»Hello Twitter, Edin Dzeko here,« reads the one solitary tweet from Manchester City’s £27 million Bosnian striker. Unfortunately, his introduction to English football has been just as quiet. He has admittedly scored four times for his new club, but not yet in the league – and only against Notts County and Aris Salonika. After another baffling outing for Dzeko in City’s 2-0 defeat to Chelsea on Sunday, it is the fans making the noise, most of them asking the question, »What the hell did we spend all that money for?«
They needn’t worry – there’s plenty more in the bank. But Dzeko’s Premier League career is stuttering and the rangy front-man who scored goals for fun at VfL Wolfsburg looks distraught. Reputed to be a modest guy, perhaps he has found the Manchester City dressing room a place for braggards. His decision-making on the pitch lacks self-confidence.
Sunday was a chance for him to shine. City’s first choice striker Carlos Tevez was out injured, whilst Mario Balotelli had been dropped to bench after (more) bad behaviour in mid-week. That meant a fifth Premier League start for Dzeko in Roberto Mancini’s defensive-minded 4-5-1 formation, with David Silva, Yaya Touré and James Milner in support.
Unfortunately, Dzeko failed to seize his chance. His first touch was heavy, his vision poor and his goal-menace non-existent. His best chance was a well-executed glancing header that looped just over the Chelsea goal. It was also a reminder of what Dzeko is good at – and of the failure of Manchester City to play to his strengths.
City came to Stamford Bridge to bag a thrilling 0-0, just as they did at the Emirates in January. Mancini ordered his men back behind the ball and they defended en masse, certainly disciplined, but ultimately stifled. It was unattractive and unambitious and made it easy to see why they are without an away win in 2011. Thanks to such negativity, they are currently sitting fourth in the table with Tottenham Hotspur breathing down their neck, four points behind with a game in hand.
With so many players back behind the ball, Man City desperately needed an outlet up the pitch to counter, either providing pace to get in behind the adventuring Chelsea line, or to hold the ball up and allow the under-pressure Man City players the time to transition to attack. Dzeko fulfilled neither of those roles.
His first touch was often clumsy, and he conceded position when he needed to trap the ball, hold it, and play it out to an energetic team-mate theoretically steaming up the pitch. And when running on to speculative balls out of the defence he was slow, ponderous and seemed unsure of his options. In short, the brilliant Chelsea new boy David Luiz ate him for lunch.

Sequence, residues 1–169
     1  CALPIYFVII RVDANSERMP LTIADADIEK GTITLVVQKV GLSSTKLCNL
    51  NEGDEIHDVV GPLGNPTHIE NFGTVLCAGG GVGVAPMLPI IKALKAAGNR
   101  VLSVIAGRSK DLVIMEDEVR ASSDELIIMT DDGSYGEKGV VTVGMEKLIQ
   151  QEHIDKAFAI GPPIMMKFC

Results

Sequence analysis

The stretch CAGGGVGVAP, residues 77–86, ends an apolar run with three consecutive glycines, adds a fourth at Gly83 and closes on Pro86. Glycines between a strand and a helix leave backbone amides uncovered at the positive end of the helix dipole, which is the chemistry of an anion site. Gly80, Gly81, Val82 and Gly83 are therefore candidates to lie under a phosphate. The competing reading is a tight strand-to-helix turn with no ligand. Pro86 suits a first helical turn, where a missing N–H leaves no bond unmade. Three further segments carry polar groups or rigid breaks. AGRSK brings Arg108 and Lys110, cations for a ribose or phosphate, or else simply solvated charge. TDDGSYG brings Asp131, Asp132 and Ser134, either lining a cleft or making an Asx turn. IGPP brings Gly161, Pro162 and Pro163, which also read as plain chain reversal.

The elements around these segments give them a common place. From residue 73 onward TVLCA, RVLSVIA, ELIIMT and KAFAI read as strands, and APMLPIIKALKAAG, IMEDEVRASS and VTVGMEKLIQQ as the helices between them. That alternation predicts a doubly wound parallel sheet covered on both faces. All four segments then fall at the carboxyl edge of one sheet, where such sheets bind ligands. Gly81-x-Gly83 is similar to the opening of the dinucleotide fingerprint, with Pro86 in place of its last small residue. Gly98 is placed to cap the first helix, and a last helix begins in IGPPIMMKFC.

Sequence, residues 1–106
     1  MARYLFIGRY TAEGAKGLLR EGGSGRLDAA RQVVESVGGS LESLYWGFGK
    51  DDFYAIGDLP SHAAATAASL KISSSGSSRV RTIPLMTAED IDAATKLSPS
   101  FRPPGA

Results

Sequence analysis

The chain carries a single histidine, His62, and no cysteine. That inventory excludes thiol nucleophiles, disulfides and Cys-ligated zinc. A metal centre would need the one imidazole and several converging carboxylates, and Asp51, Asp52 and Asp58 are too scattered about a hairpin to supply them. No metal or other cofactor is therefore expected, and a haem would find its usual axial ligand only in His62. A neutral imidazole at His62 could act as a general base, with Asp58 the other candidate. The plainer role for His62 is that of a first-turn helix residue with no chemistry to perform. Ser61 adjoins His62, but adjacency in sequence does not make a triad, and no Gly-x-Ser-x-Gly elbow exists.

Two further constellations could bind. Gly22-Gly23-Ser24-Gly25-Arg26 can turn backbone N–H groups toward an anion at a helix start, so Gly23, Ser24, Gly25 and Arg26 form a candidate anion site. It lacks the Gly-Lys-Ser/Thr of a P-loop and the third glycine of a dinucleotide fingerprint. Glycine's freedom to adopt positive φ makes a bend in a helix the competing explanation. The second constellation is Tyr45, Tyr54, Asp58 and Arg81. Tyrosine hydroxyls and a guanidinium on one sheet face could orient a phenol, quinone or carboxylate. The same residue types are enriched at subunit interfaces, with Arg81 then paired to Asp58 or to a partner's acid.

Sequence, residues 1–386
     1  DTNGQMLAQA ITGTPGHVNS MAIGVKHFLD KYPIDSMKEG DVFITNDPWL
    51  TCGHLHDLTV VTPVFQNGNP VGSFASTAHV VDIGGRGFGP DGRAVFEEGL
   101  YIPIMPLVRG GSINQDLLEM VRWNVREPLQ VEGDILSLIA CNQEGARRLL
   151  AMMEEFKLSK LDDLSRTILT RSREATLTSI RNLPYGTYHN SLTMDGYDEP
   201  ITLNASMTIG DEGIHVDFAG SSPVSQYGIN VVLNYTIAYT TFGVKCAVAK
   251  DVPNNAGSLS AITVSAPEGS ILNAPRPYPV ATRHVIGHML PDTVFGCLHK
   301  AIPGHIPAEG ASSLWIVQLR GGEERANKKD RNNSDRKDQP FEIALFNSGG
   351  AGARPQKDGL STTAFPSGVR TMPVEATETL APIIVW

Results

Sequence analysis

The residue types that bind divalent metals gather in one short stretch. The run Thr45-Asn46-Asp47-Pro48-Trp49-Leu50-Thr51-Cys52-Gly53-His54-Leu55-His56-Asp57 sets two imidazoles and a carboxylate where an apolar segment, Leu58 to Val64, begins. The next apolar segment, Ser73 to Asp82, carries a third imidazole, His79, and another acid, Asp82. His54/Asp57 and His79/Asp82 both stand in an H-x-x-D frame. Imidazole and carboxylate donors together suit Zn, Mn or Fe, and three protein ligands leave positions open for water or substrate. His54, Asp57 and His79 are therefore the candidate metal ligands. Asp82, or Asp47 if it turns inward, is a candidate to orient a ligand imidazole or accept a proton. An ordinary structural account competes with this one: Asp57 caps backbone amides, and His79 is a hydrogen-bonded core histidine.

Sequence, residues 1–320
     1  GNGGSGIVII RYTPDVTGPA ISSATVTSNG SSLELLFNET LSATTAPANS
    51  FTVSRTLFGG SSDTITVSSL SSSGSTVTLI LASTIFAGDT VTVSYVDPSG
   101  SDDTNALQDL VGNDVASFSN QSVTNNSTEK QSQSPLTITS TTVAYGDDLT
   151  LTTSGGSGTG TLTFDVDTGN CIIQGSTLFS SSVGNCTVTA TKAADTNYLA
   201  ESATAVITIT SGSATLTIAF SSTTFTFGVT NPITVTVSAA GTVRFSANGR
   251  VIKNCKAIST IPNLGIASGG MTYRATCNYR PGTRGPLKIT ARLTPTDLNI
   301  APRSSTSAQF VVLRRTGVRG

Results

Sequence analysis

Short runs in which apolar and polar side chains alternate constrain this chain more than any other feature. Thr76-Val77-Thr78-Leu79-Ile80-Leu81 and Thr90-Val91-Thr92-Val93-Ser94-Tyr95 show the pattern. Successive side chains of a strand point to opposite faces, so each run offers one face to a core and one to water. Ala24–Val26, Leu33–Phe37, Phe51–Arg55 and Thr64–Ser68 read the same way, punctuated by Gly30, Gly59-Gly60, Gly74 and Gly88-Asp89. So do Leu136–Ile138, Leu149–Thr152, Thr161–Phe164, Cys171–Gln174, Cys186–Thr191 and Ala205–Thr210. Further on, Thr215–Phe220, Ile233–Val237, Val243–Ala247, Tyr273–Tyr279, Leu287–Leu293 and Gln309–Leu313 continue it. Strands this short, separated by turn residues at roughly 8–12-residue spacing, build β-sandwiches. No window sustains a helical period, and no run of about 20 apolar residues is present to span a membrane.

Man city were not playing to his strengths, but Dzeko was also not playing smart enough. At Wolfsburg, he thrived in the six-yard box meeting crosses with a towering header or stabbing them home after a dart between the centre-backs. Now, he is being asked to do too much of his work outside the box (making the 10 on his back rather than the nine seem appropriate) and seems puzzled by the whole affair.
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He should have the quality and intelligence to help himself, by plucking clearances out of the air and quickly spreading the play out wide, so he can charge into the box and wait for a cross. Against Chelsea though, the ball either bounced off him or he turned, had a half-hearted run at the defence and conceded possession. It was not a vintage performance and Alan Hansen, Lee Dixon and Clarence Seedorf tutted collectively on the Match of the Day sofa at his poor showing.
When players move countries, it can be all too easy to forget that they are young men, stranded in a foreign city with no friends, and under intense scrutiny. A huge salary is a nice bonus but moving abroad is a challenge and one that can severely dent your confidence. There is every chance that Dzeko will improve next season, when not only England, but its football and the curious interpretation of it played at Manchester City, seem a little less alien. For now though, Arsenal and Manchester United, both of whom considered Dzeko, are no doubt quietly breathing a sigh of relief that a player whose nickname in Bosnia was ‘Kloc’ – lamppost – has failed to light up Manchester City’s ambitions.
An dieser Stelle erklärt Titus Chalk die englische Fußball-Kultur auf Deutschh
Folge 31: Wacko Jacko
Die beste Nachrichte der Woche: Herr Michael Jackson, der Endspinner, wird dank seines grossen Freund Mohamed Al Fayed mit einer herrlichen Statue gedacht worden. Der Fulham-Besitzer wollte erstmals die farbenfreudige Statue neben Harrods installieren, aber hat zuletzt sein Kaufhaus verkauft. Deshalb, Jacko kommt jetzt zum Craven Cottage, bei dem er mit Al Fayed Fulham Spiele gelegentlich geguckt hat. Seine Beinarbeit war natürlich spektakulär und sein haut so weiss wie die Fulham Tirkots: Die Lage ist dann perfekt für eine Statue des King of Pop. ‚Bad’? Nein! Ganz sicher, ein verdammtes ‚Thriller’!